Offshore wind is the most advanced technology, using fixed wind turbines in coastal areas, while floating wind is a developing technology more suited to deeper water. In 2018, offshore wind provided a tiny fraction of global electricity supply, but it is set to expand strongly in the coming decades into a USD 1 trillion business, according to the International Energy Agency (IEA). It says that turbines are growing in size and in power capacity, which in turn is "delivering major performance and cost improvements for offshore wind farms".

The global offshore wind market grew nearly 30% per year between 2010 and 2018, according to the IEA, due to rapid technology improvements, It calculated that about 150 new offshore wind projects are in active development around the world. Europe in particular has fostered the technology's development, led by Britain, Germany and Denmark, but China added more capacity than any other country in 2018.

A report for the Irish Wind Energy Assocation (IWEA) by the Carbon Trust – a British government-backed limited company established to accelerate Britain's move to a low carbon economy - says there are currently 14 fixed-bottom wind energy projects, four floating wind projects and one project that has yet to choose a technology at some stage of development in Irish waters. Some of these projects are aiming to build before 2030 to contribute to the 5GW target set by the Irish government, and others are expected to build after 2030. These projects have to secure planning permission, obtain a grid connection and also be successful in a competitive auction in the Renewable Electricity Support Scheme (RESS).

The electricity generated by each turbine is collected by an offshore electricity substation located within the wind farm. Seabed cables connect the offshore substation to an onshore substation on the coast. These cables transport the electricity to land from where it will be used to power homes, farms and businesses around Ireland. The offshore developer works with EirGrid, which operates the national grid, to identify how best to do this and where exactly on the grid the project should connect.

The new Marine Planning and Development Management Bill will create a new streamlined system for planning permission for activity or infrastructure in Irish waters or on the seabed, including offshore wind farms. It is due to be published before the end of 2020 and enacted in 2021.

There are a number of companies aiming to develop offshore wind energy off the Irish coast and some of the larger ones would be ESB, SSE Renewables, Energia, Statkraft and RWE.

There are a number of companies aiming to develop offshore wind energy off the Irish coast and some of the larger ones would be ESB, SSE Renewables, Energia, Statkraft and RWE. Is there scope for community involvement in offshore wind? The IWEA says that from the early stages of a project, the wind farm developer "should be engaging with the local community to inform them about the project, answer their questions and listen to their concerns". It says this provides the community with "the opportunity to work with the developer to help shape the final layout and design of the project". Listening to fishing industry concerns, and how fishermen may be affected by survey works, construction and eventual operation of a project is "of particular concern to developers", the IWEA says. It says there will also be a community benefit fund put in place for each project. It says the final details of this will be addressed in the design of the RESS (see below) for offshore wind but it has the potential to be "tens of millions of euro over the 15 years of the RESS contract". The Government is also considering the possibility that communities will be enabled to invest in offshore wind farms though there is "no clarity yet on how this would work", the IWEA says.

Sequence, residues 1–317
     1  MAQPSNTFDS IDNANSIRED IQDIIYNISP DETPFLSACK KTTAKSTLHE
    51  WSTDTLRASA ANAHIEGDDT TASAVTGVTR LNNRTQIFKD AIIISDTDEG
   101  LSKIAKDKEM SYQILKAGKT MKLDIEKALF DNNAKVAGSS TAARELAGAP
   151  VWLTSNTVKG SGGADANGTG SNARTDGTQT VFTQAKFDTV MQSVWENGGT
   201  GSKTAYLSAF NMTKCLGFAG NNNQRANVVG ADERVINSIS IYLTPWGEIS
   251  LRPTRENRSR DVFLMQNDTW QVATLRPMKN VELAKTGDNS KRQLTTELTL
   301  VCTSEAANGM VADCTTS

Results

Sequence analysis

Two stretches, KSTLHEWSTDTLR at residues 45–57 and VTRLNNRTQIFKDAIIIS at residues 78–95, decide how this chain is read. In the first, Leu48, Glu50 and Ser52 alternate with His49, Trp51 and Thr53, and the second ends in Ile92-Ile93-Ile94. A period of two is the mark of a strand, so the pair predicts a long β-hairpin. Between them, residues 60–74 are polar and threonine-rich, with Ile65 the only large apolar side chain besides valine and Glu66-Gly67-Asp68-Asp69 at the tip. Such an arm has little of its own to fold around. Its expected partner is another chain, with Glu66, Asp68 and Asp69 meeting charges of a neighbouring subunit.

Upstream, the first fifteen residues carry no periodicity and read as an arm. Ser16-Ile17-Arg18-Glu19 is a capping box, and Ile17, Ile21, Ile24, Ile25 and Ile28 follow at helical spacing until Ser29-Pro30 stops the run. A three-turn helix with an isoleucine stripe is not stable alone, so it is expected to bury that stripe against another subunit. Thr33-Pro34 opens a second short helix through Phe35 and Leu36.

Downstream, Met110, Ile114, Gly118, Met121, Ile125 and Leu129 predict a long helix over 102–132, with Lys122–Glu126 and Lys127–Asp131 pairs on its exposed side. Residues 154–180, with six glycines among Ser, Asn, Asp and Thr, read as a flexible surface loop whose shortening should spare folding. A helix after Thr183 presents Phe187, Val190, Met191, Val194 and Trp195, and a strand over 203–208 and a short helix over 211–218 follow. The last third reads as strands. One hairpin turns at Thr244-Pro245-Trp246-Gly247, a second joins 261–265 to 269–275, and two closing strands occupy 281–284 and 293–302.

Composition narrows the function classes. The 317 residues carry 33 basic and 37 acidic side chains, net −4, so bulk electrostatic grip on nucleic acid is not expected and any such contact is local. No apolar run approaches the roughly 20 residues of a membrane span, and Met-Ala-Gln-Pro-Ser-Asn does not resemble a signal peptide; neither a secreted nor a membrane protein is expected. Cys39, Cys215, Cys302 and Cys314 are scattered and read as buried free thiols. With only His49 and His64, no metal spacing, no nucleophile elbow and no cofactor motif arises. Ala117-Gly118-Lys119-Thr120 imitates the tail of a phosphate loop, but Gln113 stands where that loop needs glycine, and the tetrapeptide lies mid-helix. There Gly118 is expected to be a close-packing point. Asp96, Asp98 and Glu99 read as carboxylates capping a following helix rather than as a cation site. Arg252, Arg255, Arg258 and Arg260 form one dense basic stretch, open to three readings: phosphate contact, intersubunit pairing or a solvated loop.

Based on current plans, it would amount to around 12 GW of offshore wind energy. However, the IWEA points out that is unlikely that all of the projects planned will be completed. The industry says there is even more significant potential for floating offshore wind off Ireland's west coast and the Programme for Government contains a commitment to develop a long-term plan for at least 30 GW of floating offshore wind in our deeper waters.

There are many different models of turbines. The larger a turbine, the more efficient it is in producing electricity at a good price. In choosing a turbine model the developer will be conscious of this ,but also has to be aware the impact of the turbine on the environment, marine life, biodiversity and visual impact. As a broad rule an offshore wind turbine will have a tip-height of between 165m and 215m tall. However, turbine technology is evolving at a rapid rate with larger more efficient turbines anticipated on the market in the coming years.

 

The Renewable Electricity Support Scheme is designed to support the development of renewable energy projects in Ireland. Under the scheme wind farms and solar farms compete against each other in an auction with the projects which offer power at the lowest price awarded contracts. These contracts provide them with a guaranteed price for their power for 15 years. If they obtain a better price for their electricity on the wholesale market they must return the difference to the consumer.

Yes. The first auction for offshore renewable energy projects is expected to take place in late 2021.